The encomienda system developed in the Antilles (the islands of
the West Indies except the Bahamas) when the group of settlers Columbus
brought with him on his second voyage to the New World were, essentially,
unwilling to work (Vigil 218). They solved this problem through forced
Indian labor. Queen Isabella I of Spain considered the native people
"free crown vassals" (Vigil 218) and instructed Governor Nicolas de
Ovando, Comendador Mayor of the military order Alcantara, to inform the
Indians that they had to pay tribute to the crown equal to the other
subjects. But the Indians refused to have anything to do with it,
resulting in a series of royal decrees starting in 1503 that resulted in
the encomienda system.
As legally defined in 1503, an encomienda consisted of a grant by
the crown to a conquistador, soldier, official, or others rewarded for
assisting in the conquest, of a specified number of Indians living in a
particular area. The receiver of the grant, the encomendero, could exact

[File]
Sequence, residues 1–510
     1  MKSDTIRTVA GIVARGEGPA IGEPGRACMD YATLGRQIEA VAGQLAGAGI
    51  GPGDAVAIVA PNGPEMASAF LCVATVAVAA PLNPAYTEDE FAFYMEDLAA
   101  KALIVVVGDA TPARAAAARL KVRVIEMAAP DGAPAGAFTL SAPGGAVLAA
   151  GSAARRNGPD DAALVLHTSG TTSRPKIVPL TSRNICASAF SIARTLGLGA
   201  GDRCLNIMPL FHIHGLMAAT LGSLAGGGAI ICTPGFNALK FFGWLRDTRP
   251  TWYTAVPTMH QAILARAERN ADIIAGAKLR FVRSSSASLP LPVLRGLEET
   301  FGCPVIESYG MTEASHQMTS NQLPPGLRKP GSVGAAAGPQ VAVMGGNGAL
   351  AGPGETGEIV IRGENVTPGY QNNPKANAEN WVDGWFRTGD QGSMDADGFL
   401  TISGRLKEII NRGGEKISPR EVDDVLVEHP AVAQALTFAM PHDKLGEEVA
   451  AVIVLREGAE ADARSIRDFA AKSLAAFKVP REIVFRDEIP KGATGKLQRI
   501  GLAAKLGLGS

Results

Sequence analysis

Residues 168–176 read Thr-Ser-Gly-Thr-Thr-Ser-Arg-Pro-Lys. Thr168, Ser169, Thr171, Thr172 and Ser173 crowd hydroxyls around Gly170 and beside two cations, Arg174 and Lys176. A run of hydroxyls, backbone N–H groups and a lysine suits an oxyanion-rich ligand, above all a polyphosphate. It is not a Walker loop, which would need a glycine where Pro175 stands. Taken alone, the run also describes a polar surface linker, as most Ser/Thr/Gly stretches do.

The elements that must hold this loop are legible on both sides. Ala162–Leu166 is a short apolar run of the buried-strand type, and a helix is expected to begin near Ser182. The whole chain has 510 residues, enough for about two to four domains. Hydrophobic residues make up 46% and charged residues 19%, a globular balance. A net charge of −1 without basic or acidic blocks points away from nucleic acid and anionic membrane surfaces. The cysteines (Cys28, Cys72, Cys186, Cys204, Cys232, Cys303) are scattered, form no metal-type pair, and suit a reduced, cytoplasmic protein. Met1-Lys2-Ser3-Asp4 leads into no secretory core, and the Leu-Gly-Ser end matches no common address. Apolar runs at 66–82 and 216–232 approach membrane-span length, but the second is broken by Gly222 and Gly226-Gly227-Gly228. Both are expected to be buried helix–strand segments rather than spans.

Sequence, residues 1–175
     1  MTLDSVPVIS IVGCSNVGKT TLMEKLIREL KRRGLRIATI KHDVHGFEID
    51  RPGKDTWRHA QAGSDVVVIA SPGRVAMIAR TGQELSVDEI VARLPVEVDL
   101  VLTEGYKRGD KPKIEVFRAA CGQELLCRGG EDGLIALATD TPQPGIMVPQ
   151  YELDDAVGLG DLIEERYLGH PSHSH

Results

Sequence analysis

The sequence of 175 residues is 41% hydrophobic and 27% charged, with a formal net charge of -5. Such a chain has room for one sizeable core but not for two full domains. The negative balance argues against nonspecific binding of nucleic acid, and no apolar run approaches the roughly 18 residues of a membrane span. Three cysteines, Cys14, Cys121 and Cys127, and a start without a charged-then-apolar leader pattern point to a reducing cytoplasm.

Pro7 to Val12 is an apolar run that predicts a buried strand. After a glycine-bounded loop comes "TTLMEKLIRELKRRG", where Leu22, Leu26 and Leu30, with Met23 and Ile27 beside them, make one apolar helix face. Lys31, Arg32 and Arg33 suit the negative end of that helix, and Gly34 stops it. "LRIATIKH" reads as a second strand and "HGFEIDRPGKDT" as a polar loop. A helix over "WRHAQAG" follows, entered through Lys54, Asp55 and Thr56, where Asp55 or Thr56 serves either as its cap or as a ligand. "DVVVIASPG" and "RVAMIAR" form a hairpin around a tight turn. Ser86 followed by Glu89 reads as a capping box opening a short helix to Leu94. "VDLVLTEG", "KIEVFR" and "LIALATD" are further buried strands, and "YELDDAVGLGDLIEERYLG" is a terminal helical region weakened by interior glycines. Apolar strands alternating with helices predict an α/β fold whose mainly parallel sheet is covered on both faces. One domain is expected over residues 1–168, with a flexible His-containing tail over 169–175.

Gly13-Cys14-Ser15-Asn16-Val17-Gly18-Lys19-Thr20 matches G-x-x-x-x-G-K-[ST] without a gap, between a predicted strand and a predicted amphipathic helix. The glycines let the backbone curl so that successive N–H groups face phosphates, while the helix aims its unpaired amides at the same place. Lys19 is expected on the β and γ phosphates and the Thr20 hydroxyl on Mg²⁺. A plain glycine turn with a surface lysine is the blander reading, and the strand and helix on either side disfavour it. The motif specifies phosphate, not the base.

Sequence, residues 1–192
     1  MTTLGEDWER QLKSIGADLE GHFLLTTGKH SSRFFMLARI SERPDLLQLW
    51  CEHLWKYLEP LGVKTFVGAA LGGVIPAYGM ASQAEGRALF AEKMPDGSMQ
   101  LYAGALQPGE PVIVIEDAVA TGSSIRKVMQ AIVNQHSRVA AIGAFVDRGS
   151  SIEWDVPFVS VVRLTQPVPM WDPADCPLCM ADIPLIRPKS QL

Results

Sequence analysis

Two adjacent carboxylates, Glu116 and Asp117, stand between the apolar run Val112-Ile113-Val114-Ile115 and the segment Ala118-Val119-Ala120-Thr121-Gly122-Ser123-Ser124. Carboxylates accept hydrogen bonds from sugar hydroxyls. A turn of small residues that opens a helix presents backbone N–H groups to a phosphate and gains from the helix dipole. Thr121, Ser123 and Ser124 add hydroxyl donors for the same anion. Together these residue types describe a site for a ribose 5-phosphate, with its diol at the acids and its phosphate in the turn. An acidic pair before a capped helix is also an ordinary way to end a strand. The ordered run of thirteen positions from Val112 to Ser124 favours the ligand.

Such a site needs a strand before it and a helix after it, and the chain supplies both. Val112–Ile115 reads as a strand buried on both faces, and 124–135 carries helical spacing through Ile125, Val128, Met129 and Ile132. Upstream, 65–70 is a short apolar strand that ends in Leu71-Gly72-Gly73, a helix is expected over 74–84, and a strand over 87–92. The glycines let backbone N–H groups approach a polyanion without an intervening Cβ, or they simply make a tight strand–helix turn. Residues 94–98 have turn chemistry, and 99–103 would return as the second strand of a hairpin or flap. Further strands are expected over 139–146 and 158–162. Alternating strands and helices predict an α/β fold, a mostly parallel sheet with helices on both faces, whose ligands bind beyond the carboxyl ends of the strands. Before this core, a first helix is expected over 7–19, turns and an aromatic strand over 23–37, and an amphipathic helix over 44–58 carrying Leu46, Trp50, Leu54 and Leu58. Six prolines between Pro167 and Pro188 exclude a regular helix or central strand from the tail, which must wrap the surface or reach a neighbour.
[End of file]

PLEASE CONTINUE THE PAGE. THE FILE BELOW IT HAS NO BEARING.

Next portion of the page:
tribute from the Indians in gold or labor ("Encomienda"). Basically, the
natives were gathered into villages under the supervision of a trustee and
forced to work in the construction of buildings, in mines, and in the
cultivation of the soil. In turn, the trustee (the encomendero) was to
civilize, Christianize, and protect the Indians (Thomas 51). Through this
system, the crown intended to both reward deserving conquerors and
settlers and to incorporate the Indians into Christian civilization by
placing them under the protection of responsible individuals (Vigil 218).
However, the system quickly became corrupted.
Although the enc...
... middle of paper ...
As improvements of these economic systems continue to be made, the
situation of the Latin American people also continues to improve,
hopefully ensuring a brighter future for the entire region.
Delpar, Helen. "Hacienda." Encyclopedia of Latin America. New York:
McGraw-Hill Book Company, 1974.
Delpar, Helen. "Latifundium." Encyclopedia of Latin America. New York:
McGraw-Hill Book Company, 1974.
"Encomienda." Encyclopedia Britannica Online.
"Hacienda." Encyclopedia Britannica Online.
Thomas, Alfred Barnaby. Latin America: A History. New York: The MacMillan
Vigil, Ralph H. "Encomienda." Encyclopedia of Latin America. New York:
McGraw-Hill Book Company, 1974.
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